The 52nd session of the United Nations Human Rights Council, held in Geneva between 27 February - 4 April 2023, saw the presentation of a joint statement on academic freedom by France on behalf of 72 countries. The statement reaffirms the vital importance of academic freedom and calls on all states to protect and promote it as a cornerstone of democracy and human rights. The joint statement specifically references the Abidjan Principles, a definitive reference text on the right to education which clarify the human rights obligations of states regarding the provision of public education and the regulation of non-state actors.
The Principles were adopted in 2019 by a group of international scholars and legal experts, and have been endorsed by a growing number of countries and organisations. They recognise the right to education as a fundamental human right, and clarify the obligations of states to eliminate discrimination, ensure adequate funding, provide appropriate infrastructure and support, and ensure academic freedom and autonomy.
The joint statement recognises the critical role that universities and academic institutions play in fostering critical thinking, creativity, and innovation, and highlights the importance of protecting academic freedom as a bulwark against authoritarianism and as a means of promoting open and democratic societies.
The recognition of the role of the Abidjan Principles by 73 states is a significant step forward in the promotion and implementation of this reference text on the right to education, and an additional signal of their importance and the widespread recognition of the role they play in guaranteeing the right to education.
For more information about the Abidjan Principles, view the Abidjan Principles website
A copy of the statement can be found below, as published on the website of France’s permanent mission to the UN in Geneva:
Joint Statement on behalf of a group of 73 countries* on Academic Freedom
Mr. President, I have the honour to deliver this statement on behalf of 73 countries.
As we commemorate the 30th Anniversary of the Vienna Declaration and Programme of Action, we recall that it asserts that: “education on human rights and the dissemination of proper information, both theoretical and practical, play an important role in the promotion and respect of human rights with regard to all individuals without distinction of any kind.”
This spirit is embodied within the Abidjan Principles on the Right to Education. It is similarly reaffirmed by the Committee on Economic, Social and Cultural Rights’ assertion that “the right to education can only be enjoyed if accompanied by academic freedom of staff and students.”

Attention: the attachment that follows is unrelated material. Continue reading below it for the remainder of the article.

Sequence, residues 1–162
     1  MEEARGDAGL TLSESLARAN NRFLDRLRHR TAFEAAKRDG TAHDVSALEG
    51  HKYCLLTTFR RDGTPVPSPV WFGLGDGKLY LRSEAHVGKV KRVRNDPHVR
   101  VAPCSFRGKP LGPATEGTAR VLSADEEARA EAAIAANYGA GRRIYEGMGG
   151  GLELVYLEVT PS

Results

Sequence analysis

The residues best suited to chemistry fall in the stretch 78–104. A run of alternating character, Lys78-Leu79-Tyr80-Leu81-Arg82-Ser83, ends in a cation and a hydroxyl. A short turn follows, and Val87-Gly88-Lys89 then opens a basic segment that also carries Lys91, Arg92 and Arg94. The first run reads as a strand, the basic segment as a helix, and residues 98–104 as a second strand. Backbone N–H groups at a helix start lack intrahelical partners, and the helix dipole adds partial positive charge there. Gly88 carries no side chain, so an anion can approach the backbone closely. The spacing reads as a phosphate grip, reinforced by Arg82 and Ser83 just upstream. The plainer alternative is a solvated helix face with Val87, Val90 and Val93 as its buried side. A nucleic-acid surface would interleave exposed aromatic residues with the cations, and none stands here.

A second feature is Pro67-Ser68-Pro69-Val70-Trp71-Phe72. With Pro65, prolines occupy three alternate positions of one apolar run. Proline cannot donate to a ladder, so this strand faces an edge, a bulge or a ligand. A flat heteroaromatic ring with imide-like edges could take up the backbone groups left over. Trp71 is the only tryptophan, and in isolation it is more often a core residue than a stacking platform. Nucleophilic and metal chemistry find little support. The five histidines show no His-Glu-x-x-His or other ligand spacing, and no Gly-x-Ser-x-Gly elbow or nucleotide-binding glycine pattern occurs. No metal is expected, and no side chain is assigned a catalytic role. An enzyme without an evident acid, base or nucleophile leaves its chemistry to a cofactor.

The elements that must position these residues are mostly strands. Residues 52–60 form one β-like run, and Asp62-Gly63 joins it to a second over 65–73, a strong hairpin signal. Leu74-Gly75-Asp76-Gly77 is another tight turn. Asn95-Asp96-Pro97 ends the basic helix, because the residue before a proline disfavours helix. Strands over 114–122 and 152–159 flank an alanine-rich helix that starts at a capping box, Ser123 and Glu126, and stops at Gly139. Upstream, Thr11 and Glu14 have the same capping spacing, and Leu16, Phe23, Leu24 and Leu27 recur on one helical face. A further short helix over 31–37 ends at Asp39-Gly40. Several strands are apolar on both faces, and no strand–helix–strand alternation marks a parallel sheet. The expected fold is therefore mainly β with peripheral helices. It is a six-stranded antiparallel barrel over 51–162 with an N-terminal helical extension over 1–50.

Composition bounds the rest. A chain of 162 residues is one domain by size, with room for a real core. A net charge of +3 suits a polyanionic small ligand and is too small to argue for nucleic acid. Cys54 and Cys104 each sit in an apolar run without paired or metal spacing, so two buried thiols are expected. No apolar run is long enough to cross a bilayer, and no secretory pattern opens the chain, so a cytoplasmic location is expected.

Academic freedom is key to human rights education but also essential for technical and scientific progress and for the development of the creative industries and the arts. It is intrinsically linked to the effective enjoyment of other rights and freedoms, such as participation in public affairs, freedom of opinion and expression and the right to education, demonstrating the indivisibility of all human rights.
Without freedom to teach and research, and without freedom to disseminate and debate the results of research, the achievement of the Sustainable Development Goals will be compromised. Without academic freedom, there is no safeguard against the manipulation of information or against the distortion of history.
Regrettably, attacks on academic freedom are on the rise. These include: repression, intimidation and harassment of researchers and teachers in connection with their research and public statements; dissolution of research institutions and the establishment of restrictive legal or financial frameworks.
The UN Secretary General’s commitment to education and science, as reflected in his "Our Common Agenda" report, and UNESCO’s work are critical to protecting and promoting the right to education and the academic freedoms.
We hereby call for enhanced international cooperation towards strengthening the protection and promotion of academic freedom in the spirit of the Vienna Declaration and Programme of Action. We further call on the United Nations human rights system to redouble efforts in addressing this issue, in conjunction with relevant multilateral and regional institutions.
In so doing, let us remember the wise words of Nelson Mandela, “From the poorest of countries to the richest of nations, education is key to moving forward in any society. Thank you”.
*South Africa, Albania, Germany, Andorra, Argentina, Armenia, Australia, Austria, Belgium, Brazil, Bulgaria, Cabo Verde, Cambodia, Cameroun, Canada, Chile, Cyprus, Colombia, Comoros, Costa Rica, Croatia, Denmark, Estonia, Spain, United States of America, Finland, France, Georgia, Greece, Equatorial Guinea, Guinea, Hungary, India, Ireland, Iceland, Israel, Italy, Japan, Jordan, Latvia, Lebanon, Liechtenstein, Lithuania, Luxemburg, Montenegro, North Macedonia, Malta, Monaco, Namibia, Nepal, New Zealand, Nigeria, Norway, Palestine, Paraguay, the Netherlands, Peru, Poland, Portugal, Republic of Korea, Republic of Moldova, Dominican Republic, Czech Republic, Romania, United Kingdom of Great Britain and Northern Ireland, Saudi Arabia, Serbia, Slovakia, Slovenia, Sweden, The Gambia, Ukraine, Uruguay, Vanuatu